Rural policing 'fails in basic aims'

A top Norfolk police officer has admitted the force's grass-roots policing teams needed to be improved after a report revealed they were failing to fulfil their basic aims.

A top Norfolk police officer has admitted the force's grass-roots policing teams needed to be improved after a report revealed they were failing to fulfil their basic aims.

His comments were in response to a survey, commissioned by the police authority, which revealed that rural communities did not know how to get hold of their Safer Neighbourhood Teams (SNTs) and did not feel they were able to influence policing priorities.

The first teams were set up in 2006 and aimed to provide more 'bobbies on the beat' to restore high-visibility police patrols and give local people a chance to highlight the issues which were most important to them.

There are now 52 SNTs in the county, including nine in north Norfolk, however last night, Norfolk police were unable to confirm how much money was spent on the teams and how many officers, PCSOs, special constables and other support

workers were involved with them.

The authority's report, carried out by the Norfolk Rural Community Council, revealed a considerable gap between the teams' attempts to engage with the community and how well they were actually doing it.

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The council contacted people in six rural SNT areas - including Holt and Stalham - and the results were put before the authority's citizen focus committee meeting on Monday.

Worryingly for police, only about half of respondents had heard of the teams, 82pc did not know how to contact their SNT officers and 83pc did not feel able to influence policing priorities - the key reason the teams were set up.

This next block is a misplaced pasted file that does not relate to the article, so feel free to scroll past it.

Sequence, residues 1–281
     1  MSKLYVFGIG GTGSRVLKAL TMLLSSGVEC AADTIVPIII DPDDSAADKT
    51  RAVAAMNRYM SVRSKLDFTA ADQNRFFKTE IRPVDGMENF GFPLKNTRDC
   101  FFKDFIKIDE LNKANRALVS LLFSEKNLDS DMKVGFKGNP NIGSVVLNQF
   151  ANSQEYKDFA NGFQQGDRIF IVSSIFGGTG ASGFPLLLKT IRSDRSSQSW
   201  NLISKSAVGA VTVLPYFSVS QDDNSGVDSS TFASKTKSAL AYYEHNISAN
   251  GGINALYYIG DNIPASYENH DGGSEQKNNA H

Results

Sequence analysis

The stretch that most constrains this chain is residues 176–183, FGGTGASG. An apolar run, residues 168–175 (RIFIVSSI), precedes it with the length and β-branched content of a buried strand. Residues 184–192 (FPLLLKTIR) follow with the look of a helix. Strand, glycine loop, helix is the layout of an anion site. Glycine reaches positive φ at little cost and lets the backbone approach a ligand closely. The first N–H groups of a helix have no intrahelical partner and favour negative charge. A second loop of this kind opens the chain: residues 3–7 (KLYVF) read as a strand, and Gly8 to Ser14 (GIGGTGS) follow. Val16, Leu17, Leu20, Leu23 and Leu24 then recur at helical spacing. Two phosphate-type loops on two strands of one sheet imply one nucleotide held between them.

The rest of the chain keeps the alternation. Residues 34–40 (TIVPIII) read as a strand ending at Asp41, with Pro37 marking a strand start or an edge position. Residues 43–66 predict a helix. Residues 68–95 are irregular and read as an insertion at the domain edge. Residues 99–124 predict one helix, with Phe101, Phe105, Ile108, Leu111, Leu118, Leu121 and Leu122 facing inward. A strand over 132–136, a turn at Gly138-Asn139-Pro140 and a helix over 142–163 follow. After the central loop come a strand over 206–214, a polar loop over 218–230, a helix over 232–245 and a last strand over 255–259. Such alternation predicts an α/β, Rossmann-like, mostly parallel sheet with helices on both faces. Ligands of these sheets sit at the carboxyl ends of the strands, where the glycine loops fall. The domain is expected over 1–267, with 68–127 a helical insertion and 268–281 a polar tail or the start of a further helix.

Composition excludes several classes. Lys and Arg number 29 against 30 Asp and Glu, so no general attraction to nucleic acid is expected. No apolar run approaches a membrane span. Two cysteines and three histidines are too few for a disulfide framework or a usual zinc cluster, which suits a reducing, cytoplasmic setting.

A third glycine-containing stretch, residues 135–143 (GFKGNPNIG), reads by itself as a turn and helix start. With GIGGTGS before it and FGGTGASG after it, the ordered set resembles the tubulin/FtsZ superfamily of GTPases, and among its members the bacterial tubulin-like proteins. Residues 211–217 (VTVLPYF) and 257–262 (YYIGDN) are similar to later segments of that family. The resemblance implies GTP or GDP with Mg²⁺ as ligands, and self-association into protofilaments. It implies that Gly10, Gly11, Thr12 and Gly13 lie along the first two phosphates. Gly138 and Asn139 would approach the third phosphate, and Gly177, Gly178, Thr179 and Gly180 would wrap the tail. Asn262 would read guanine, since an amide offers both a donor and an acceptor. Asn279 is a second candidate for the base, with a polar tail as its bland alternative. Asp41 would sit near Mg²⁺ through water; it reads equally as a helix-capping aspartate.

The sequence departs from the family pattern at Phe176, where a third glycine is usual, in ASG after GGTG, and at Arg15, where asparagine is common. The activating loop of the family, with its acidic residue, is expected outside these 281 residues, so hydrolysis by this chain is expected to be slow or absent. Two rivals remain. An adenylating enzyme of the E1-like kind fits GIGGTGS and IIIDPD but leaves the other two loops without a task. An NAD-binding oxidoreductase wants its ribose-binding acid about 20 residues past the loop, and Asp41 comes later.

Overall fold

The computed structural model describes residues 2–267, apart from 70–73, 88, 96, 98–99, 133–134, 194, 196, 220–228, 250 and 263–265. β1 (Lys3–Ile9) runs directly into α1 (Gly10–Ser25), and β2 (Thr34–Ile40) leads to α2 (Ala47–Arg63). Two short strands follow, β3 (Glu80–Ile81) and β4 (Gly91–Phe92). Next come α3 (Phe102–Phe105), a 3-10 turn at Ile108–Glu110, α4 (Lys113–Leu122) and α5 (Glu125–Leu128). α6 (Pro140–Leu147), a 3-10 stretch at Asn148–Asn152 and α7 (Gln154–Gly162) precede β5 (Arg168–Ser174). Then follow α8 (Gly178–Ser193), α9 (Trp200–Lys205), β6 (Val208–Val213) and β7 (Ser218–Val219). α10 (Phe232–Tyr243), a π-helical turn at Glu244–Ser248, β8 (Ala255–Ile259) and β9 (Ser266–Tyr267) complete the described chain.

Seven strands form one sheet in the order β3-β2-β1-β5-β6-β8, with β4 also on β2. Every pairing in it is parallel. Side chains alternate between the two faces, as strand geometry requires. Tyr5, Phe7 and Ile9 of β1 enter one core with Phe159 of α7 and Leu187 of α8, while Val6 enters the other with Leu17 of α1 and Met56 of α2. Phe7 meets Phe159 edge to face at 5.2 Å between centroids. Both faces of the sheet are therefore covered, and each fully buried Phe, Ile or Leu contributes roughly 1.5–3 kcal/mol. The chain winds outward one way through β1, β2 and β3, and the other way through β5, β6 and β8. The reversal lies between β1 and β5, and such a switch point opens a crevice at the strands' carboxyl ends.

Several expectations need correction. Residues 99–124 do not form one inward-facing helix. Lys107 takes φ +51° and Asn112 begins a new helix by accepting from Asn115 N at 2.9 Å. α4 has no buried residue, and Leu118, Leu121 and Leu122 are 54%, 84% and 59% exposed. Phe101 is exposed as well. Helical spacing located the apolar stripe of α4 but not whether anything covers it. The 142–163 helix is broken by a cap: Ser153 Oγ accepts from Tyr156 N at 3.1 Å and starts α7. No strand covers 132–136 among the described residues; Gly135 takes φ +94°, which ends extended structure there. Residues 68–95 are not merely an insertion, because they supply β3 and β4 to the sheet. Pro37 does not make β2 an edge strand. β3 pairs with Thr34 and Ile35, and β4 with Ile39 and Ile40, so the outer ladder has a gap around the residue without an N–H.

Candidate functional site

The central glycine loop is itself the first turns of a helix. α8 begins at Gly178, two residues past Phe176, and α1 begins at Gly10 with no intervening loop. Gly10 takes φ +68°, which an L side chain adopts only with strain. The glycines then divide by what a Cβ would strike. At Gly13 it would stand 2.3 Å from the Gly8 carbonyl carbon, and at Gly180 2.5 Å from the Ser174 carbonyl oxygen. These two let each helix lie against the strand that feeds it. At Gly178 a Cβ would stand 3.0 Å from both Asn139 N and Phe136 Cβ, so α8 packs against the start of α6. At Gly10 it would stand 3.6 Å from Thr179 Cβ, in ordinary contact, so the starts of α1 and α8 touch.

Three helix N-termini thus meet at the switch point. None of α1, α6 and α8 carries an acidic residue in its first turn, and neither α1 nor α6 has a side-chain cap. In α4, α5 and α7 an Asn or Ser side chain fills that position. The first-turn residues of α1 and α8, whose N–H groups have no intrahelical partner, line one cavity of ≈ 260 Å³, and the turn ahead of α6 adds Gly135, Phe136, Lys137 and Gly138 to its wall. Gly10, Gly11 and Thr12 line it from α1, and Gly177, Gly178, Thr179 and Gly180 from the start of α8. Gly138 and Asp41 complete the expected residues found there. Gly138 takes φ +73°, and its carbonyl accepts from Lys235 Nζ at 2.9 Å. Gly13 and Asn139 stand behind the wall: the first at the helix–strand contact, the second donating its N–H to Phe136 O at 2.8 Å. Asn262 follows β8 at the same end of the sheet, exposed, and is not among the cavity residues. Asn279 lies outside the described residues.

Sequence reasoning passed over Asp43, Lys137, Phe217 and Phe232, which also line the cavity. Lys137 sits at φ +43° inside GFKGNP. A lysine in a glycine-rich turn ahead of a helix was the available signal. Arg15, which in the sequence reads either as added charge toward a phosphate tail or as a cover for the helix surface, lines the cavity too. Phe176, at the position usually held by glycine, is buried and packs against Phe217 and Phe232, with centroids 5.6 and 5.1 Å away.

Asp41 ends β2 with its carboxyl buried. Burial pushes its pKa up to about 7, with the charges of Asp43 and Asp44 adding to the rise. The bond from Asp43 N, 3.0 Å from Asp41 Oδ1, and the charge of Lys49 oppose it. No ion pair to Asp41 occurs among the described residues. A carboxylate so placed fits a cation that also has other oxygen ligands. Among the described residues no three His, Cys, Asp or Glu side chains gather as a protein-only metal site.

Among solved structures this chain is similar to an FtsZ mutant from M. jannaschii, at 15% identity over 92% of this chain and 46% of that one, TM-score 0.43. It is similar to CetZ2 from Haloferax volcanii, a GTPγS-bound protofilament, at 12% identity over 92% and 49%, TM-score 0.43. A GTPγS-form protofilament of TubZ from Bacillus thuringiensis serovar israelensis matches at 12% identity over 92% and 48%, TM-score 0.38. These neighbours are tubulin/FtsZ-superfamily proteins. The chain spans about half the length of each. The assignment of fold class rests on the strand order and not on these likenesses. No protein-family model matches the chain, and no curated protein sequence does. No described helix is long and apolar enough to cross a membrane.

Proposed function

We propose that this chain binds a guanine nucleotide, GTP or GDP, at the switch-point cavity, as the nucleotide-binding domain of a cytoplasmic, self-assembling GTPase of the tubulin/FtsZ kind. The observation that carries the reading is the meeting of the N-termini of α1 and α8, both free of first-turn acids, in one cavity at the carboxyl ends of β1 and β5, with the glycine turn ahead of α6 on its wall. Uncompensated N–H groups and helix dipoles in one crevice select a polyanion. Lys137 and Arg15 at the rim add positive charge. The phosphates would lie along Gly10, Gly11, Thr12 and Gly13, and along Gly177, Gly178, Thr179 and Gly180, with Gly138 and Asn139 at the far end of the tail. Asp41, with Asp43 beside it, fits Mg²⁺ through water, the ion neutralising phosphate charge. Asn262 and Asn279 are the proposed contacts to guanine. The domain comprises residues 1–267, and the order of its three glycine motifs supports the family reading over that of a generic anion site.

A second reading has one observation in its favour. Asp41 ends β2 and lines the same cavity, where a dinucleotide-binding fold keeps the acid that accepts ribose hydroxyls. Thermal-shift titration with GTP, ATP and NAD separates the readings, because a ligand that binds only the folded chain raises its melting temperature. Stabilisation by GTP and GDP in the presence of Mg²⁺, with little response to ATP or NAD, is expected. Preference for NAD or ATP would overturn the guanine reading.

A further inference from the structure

In addition, the survey revealed a significant mismatch between what concerned the public most and the issues identified as priorities for the teams - 48pc of respondents said speeding was a key problem but only 6pc of SNT priorities relate to that.

At the meeting, Kevin Wilkins, assistant chief constable for Norfolk, told the committee he was concerned by the results but saw them as an opportunity to make improvements.

He said: 'There are some things here I thought were more embedded and working better than the report has identified. Some of the things that have emerged are disappointing.'

Mr Wilkins said one of the key lessons to be learned from the report was the need to improve communication between the SNTs and the communities they serve.

The committee was told the police were already working on ways to raise awareness of the teams' work.

Leaflets have been sent out telling households who their teams were and a 'contact us' campaign is due to begin next month.

At the moment, one of the main ways people can influence their SNTs' policing priorities is through safer neighbourhood action panel meetings but the authority's report said these were failing and alternative methods - like using parish newsletters and introducing SNT 'postboxes' - were needed.

The citizen focus committee agreed that new ways to strengthen their links with the public needed to be considered as part of an overall review of the authority's community engagement strategy.

People in north Norfolk are being given a chance to meet their Safer Neighbour Teams at a number of surgeries over the next few months.

In Wroxham, meetings will be held at the library on Friday, January 23 between 3pm and 5pm, Monday, February 23 from 11am to 1pm and Thursday, March 19 between 11am and 1pm.

At Aylsham Library, surgeries will take place on Tuesday from 11am until 1pm, Monday, February 16 between 3pm and 5pm, and Friday, March 27 from 11am to 1pm.

For more information about the teams and forthcoming meetings visit